Choosing whether or not to have children is a constitutional right for women in the U.S. Since anti-choice activists can't undo the 1973 Supreme Court ruling that recognized that fact, they've partnered with lawmakers across the country in their efforts to gradually chip away at that right on a state-by-state level -- with an alarming rate of aggressiveness in 2015.
According to a new report from the Center for Reproductive Rights (CRR), nearly 400 bills aimed at shutting down abortion clinics or making it extremely difficult for women to obtain abortion care have been introduced across the country in 2015. Forty-seven of them have already been passed.
The report details the impact of every anti-abortion bill introduced in the states this year, and is very clear about the motivations behind the proposed legislation: "The ultimate goal of these politicians is to criminalize women’s health services one by one until no safe, legal options are available to any woman who makes the decision to end a pregnancy."
Many of these bills -- most of which appeared in southern states -- were aimed at defunding Planned Parenthood or banning fetal tissue research as a result of those fake videos claiming to show that the women's health organization illegally sold fetal tissue for a profit (a claim that has been repeatedly disproven).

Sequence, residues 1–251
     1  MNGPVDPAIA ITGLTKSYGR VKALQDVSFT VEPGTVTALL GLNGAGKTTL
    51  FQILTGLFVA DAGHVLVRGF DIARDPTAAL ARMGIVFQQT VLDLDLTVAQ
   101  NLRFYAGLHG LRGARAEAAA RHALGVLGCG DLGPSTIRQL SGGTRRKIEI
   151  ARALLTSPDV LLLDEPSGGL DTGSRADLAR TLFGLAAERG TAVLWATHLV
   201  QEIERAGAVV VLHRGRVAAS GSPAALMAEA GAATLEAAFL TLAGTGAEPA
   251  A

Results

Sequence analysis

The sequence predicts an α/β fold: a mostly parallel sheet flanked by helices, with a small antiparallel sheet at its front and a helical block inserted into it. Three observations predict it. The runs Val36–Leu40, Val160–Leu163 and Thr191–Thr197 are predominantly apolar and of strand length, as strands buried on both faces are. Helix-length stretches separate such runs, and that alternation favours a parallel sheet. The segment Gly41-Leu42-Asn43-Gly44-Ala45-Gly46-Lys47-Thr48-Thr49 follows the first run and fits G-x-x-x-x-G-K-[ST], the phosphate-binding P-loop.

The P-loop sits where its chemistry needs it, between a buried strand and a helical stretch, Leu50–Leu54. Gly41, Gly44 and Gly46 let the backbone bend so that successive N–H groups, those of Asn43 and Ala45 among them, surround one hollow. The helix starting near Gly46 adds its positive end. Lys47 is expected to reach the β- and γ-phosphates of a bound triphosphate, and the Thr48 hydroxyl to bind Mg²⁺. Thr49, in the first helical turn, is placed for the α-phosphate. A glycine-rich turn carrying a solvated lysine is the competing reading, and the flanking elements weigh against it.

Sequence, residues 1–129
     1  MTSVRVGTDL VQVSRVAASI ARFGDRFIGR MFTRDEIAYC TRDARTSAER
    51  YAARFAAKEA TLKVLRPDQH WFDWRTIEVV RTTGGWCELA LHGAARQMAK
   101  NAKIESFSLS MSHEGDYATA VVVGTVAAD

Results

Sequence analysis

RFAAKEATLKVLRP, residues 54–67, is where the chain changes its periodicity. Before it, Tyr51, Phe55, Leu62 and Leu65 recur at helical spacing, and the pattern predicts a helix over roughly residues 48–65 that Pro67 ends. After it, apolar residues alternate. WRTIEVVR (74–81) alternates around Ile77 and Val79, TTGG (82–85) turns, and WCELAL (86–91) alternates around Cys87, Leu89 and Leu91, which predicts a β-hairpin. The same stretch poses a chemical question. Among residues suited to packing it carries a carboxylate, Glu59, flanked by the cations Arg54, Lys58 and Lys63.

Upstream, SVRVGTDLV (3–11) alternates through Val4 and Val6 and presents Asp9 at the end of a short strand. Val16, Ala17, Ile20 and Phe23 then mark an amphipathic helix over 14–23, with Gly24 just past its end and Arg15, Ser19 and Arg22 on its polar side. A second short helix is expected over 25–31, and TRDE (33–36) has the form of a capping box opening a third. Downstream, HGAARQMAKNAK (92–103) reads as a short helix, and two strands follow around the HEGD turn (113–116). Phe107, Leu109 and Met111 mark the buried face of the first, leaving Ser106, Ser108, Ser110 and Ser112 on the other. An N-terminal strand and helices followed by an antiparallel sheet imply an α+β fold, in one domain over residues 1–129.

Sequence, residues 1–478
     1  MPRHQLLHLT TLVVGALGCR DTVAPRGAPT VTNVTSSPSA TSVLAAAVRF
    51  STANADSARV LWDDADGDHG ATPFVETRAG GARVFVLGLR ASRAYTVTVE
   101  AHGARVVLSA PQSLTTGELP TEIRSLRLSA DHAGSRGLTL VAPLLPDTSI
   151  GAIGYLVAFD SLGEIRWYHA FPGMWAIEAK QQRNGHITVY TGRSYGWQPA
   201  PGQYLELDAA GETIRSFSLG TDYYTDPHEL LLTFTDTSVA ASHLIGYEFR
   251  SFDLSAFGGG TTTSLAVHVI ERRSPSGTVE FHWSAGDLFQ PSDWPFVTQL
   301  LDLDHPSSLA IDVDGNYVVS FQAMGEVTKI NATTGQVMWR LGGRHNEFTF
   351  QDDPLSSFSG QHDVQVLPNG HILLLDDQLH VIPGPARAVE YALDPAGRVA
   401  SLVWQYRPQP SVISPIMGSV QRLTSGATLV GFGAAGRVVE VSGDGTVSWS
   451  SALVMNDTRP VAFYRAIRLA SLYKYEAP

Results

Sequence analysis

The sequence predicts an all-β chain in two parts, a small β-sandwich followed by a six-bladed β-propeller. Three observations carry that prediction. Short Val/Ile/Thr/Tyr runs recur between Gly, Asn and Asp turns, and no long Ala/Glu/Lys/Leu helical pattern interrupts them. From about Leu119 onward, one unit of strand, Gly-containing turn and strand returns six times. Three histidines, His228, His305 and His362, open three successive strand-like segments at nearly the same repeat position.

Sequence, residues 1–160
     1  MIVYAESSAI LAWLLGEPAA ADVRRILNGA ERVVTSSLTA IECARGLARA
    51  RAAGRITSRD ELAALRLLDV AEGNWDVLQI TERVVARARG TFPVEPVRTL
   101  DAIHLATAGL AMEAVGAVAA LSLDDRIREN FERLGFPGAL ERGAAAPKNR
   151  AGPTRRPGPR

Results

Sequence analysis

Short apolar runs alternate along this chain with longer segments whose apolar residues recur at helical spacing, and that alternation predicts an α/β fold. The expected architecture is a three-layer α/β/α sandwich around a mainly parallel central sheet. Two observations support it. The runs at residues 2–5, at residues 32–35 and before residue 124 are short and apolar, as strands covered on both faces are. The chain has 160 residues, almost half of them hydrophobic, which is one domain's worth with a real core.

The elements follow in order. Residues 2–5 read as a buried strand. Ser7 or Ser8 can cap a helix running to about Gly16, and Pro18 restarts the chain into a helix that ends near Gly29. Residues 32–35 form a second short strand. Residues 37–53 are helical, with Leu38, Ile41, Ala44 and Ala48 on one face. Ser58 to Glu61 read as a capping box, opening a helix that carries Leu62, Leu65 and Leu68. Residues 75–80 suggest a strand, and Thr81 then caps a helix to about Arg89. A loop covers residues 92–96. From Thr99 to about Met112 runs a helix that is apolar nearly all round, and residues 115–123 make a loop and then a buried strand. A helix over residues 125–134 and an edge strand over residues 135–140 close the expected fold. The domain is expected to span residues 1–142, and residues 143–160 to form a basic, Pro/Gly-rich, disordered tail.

Other bills proposed clinic regulations so difficult to follow that they'd likely force the few remaining clinics in southern states to close. Still others created mandatory waiting periods or state-sanctioned "counseling" for women seeking an abortion -- both medically unnecessary measures that are generally aimed at shaming women and suggesting that they're incapable of making their own choices. Arkansas passed a bill requiring women to wait 48 hours between an initial consultation and an abortion procedure, and North Carolina and Oklahoma both increased their mandatory waiting periods to 72 hours -- the longest waiting period in the country.
Texas, which has already made it nearly impossible for clinics providing abortion care to remain open in the state, passed a new law "explicitly targeting minors, undocumented women, and low-income women," according to the report.
One of the measures in the Texas bill forces all adult patients to provide a photo ID, ostensibly to prove that they are not a minor. The report explains that "This 'abortion ID' requirement could serve as a backdoor ban on undocumented women and low-income women from obtaining abortion care," and notes that the bill also makes it virtually impossible for abused and neglected Texas teens to receive abortion care in the event that they can't obtain parental consent.
The Supreme Court hasn't heard a case related to abortion rights since 2007, but in late June, the court is expected to hear a case regarding some of the measures included in Texas's HB2 laws, which have forced most of the state's clinics to close since it passed in 2013. As a recent report from The Nation notes, "The ruling could help roll back other state laws aimed at narrowing abortion access -- or it could sanction the campaign to make abortion effectively, if not legally, unobtainable."